A former international chef is returning a butcher shop to its heritage and gaining a cult following of sorts.
Michael Robinson purchased the Branxton Quality Meats in the NSW Hunter Valley almost three years ago and returned the heritage listed building, which still has an original smoke house, back to its namesake, Hungerford Meat Co.
Having worked as a chef in Sydney for nearly 20 years, along with stints in London and America, Mr Robinson had always worked with meat but wanted to establish a butcher shop that was built on traditional practices.
"I think what butchers do is an amazing thing, I've always been intrigued by it," he said.
"I've had a very keen interest in it for a long time and I think the way they used to do it is amazing and makes you think, why did we stray away from it when it was going so well?"
Mr Robinson now employs two butchers, an apprentice butcher and two other staff. He offers everything from 60-day aged duck ham to a pickled and pressed tongue from a nine-year-old Jersey.
All of their products are sourced from as many local producers including beef, sheep and pork, particularly focusing on heritage breeds.
"We love heritage breeds so Berkshire pigs," Mr Robinson said.
"Those things I guess the supermarket faded them out a lot but we are trying to celebrate those."
It's all part of his desire to slow down the eating process, given so many consumers have become accustomed to ready-to-eat offerings.
"Not just only slowing the process down but thinking about what you are eating and consuming the whole animal," Mr Robinson said.
"Not so much going to Woolworths and seeing a piece of scotch fillet that's cut and because you are not thinking of anything you go great, steak.
"It's getting people to think about using the whole animal and trying different things. A lot of people don't know there is only so many scotch fillet in a cow and a lot of other meat that needs to be consumed as well."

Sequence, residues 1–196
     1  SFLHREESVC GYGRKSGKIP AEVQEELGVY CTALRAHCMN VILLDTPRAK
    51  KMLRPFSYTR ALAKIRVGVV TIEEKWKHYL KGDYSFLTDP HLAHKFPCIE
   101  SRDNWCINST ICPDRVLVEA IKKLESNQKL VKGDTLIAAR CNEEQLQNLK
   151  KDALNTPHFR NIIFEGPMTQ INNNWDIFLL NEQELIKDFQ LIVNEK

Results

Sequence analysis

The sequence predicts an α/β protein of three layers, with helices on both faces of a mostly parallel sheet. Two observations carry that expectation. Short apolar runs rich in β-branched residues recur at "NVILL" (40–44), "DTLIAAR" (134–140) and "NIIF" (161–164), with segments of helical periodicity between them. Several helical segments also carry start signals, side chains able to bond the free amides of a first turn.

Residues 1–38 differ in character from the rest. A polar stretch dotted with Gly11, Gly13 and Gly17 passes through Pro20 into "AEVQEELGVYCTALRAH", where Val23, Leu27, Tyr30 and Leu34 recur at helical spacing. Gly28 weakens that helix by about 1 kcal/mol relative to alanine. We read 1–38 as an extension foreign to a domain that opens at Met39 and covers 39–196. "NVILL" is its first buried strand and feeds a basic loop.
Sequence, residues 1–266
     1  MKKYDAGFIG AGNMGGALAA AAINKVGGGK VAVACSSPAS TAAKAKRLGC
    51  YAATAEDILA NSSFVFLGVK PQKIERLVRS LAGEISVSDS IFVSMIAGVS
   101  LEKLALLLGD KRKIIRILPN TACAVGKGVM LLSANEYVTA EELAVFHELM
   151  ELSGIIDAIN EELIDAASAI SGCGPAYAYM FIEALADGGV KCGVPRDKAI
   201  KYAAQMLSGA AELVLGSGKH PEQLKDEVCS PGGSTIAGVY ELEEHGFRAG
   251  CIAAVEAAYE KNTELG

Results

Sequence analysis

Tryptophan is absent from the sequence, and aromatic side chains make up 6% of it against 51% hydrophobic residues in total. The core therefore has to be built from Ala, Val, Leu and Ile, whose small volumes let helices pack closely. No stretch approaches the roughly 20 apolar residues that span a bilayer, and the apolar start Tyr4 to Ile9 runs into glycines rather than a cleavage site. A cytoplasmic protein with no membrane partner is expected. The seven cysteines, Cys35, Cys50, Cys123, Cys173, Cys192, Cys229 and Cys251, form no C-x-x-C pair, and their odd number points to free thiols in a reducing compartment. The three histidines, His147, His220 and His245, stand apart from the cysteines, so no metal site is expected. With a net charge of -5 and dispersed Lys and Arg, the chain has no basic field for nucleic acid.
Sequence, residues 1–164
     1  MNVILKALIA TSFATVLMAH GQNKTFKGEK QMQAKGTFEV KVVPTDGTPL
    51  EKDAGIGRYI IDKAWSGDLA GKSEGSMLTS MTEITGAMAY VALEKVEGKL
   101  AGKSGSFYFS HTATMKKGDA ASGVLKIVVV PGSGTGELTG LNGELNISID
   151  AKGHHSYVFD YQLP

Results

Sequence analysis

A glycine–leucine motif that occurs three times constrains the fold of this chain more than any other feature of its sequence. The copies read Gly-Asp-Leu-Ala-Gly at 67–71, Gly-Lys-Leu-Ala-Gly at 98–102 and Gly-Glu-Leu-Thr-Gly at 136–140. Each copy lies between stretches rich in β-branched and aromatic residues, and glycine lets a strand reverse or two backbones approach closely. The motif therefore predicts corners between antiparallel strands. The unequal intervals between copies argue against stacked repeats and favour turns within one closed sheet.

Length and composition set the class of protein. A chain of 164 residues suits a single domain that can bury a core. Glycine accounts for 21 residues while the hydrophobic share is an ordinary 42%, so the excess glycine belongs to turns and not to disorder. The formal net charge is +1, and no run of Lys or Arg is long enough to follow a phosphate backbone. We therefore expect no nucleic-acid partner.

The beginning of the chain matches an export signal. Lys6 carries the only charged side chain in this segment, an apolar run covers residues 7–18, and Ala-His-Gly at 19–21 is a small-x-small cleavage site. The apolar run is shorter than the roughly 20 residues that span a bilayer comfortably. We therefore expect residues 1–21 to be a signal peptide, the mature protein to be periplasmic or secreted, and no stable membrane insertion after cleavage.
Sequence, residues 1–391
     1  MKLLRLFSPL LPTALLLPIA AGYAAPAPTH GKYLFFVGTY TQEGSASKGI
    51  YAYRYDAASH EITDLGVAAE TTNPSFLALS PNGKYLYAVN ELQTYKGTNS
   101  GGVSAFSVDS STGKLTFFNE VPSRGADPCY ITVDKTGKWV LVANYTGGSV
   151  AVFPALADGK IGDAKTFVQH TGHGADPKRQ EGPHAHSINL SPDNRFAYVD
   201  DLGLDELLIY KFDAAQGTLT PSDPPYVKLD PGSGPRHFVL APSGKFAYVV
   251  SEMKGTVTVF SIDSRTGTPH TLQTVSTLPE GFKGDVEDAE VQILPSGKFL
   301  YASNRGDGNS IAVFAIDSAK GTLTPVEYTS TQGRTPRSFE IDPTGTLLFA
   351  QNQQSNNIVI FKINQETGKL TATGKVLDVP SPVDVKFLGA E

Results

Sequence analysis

Mr Robinson said there was so much more to the meat off cuts than being made into sausages, like most butcheries do.
"It's very common practice for a lot of butchers to say, 'That's just going to go into sausage'," he said.
"While sausages are great, I think a lot of things, like skirt steak, they are starting to gain a bit more popularity now."
"The biggest thing for us is to have a point of difference from every other butcher shop and what you can get in the supermarkets. It's hard to compete with supermarkets price wise so we give them something else they are not going to get in the supermarket."
It's been an adjustment for their customers too.
"We have always had a very loyal following and it's growing all the time as word of mouth gets around there," he said.
"I think at first the biggest concern, without getting told, I think people thought, he is not a butcher, what is he doing here? A lot of people thinking, he is not going to know what he is doing, but overtime people are definitely really loving what they are seeing.
"The following we have for those products is fantastic."